Dr. Scarpa and his team attended today’s drill in Melbourne as part of NASA/Kennedy Space Center’s partnership with Health First and other regional medical systems.

“This is a great opportunity to visit and support Health First and Holmes Regional Medical Center as one of the main support hospitals that we would be sending astronauts and/or ground teams to in a real emergency,” said Scarpa.

“It wasn’t always that way many years ago, and I’ve been working at the Cape now for 30 years. We’d have to plan to fly them all the way up to a trauma center in Gainesville, for instance. And that, of course, takes time and time is life. These drills are like sharpening a knife. The more you do it, the better you understand what’s worked, what’s failed, and what opportunities we have for improvement. Now take that and you can refine it,” Scarpa continued.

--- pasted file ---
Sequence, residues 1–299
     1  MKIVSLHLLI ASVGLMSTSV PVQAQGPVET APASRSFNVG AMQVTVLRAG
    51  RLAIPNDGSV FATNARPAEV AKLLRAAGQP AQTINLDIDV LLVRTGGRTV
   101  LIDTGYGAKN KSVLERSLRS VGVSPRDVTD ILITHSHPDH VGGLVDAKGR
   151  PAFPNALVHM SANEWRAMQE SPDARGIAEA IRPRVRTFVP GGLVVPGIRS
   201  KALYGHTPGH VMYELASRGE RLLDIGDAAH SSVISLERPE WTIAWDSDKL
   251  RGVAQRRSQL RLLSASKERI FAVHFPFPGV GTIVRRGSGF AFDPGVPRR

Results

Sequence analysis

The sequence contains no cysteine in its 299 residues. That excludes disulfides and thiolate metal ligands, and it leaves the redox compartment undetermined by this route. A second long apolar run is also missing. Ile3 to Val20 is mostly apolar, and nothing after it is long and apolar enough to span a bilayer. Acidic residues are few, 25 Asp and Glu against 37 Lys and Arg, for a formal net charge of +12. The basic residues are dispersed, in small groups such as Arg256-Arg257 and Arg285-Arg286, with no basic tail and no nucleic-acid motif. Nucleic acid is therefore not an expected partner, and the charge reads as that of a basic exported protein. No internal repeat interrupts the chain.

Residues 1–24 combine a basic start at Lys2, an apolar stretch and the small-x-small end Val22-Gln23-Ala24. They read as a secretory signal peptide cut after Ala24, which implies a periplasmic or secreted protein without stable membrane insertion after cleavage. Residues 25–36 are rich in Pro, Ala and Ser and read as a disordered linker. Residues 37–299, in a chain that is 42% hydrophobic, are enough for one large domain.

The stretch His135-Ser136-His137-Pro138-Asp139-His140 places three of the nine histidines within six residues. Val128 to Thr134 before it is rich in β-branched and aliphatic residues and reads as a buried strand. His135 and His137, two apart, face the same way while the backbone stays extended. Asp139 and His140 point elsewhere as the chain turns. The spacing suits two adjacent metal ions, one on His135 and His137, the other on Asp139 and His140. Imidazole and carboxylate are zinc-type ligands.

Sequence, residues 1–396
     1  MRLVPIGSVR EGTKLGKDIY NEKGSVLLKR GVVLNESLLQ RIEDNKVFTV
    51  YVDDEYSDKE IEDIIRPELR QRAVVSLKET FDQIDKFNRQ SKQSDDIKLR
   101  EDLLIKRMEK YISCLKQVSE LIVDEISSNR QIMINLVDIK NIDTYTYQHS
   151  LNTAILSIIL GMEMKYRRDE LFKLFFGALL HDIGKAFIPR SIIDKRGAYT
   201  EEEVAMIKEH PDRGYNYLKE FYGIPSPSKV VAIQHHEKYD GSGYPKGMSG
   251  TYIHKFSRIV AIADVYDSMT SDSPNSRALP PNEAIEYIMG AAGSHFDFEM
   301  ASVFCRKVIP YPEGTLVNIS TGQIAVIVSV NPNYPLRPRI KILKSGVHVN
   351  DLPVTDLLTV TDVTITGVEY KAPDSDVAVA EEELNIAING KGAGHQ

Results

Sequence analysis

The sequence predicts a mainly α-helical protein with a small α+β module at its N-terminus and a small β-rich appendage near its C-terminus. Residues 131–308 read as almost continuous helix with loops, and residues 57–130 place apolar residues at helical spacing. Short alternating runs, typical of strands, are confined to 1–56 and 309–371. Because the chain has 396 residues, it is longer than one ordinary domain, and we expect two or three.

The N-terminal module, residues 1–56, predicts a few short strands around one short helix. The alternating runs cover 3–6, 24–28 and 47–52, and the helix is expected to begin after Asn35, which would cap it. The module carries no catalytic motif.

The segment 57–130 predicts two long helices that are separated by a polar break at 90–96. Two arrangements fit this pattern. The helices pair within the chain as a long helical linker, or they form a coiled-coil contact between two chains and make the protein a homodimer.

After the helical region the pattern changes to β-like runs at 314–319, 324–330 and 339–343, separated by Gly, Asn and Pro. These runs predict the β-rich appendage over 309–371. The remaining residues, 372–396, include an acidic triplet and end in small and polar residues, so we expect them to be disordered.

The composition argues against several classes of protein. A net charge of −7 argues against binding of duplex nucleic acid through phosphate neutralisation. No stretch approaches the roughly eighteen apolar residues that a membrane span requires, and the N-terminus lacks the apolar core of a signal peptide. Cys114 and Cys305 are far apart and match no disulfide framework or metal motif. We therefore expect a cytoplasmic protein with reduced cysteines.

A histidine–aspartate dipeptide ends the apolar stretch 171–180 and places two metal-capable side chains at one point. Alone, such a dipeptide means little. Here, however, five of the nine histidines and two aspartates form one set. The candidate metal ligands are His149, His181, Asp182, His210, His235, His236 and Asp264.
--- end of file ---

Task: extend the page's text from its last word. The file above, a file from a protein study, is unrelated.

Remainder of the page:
“These drills are as real as they get, and it’s an opportunity not only to train for a true event, but it’s also a source of pride for every Health First associate to know that we are a part of something like this. In a mass casualty situation, we’re here and ready 24 hours a day,” said Holmes Regional Medical Center trauma surgeon Dr. Tony Dunne. (Health First image)

“These drills are as real as they get, and it’s an opportunity not only to train for a true event, but it’s also a source of pride for every Health First associate to know that we are a part of something like this. In a mass casualty situation, we’re here and ready 24 hours a day,” said Holmes Regional Medical Center trauma surgeon Dr. Tony Dunne.

“The possibility of a situation like this scenario occurring is becoming more and more realistic each day, so managing these drills, which involves practically every department and level of a hospital – in order to keep everybody fresh and skills up to date in the event a mass casualty event like this occurs, is very important,” Dunne continued.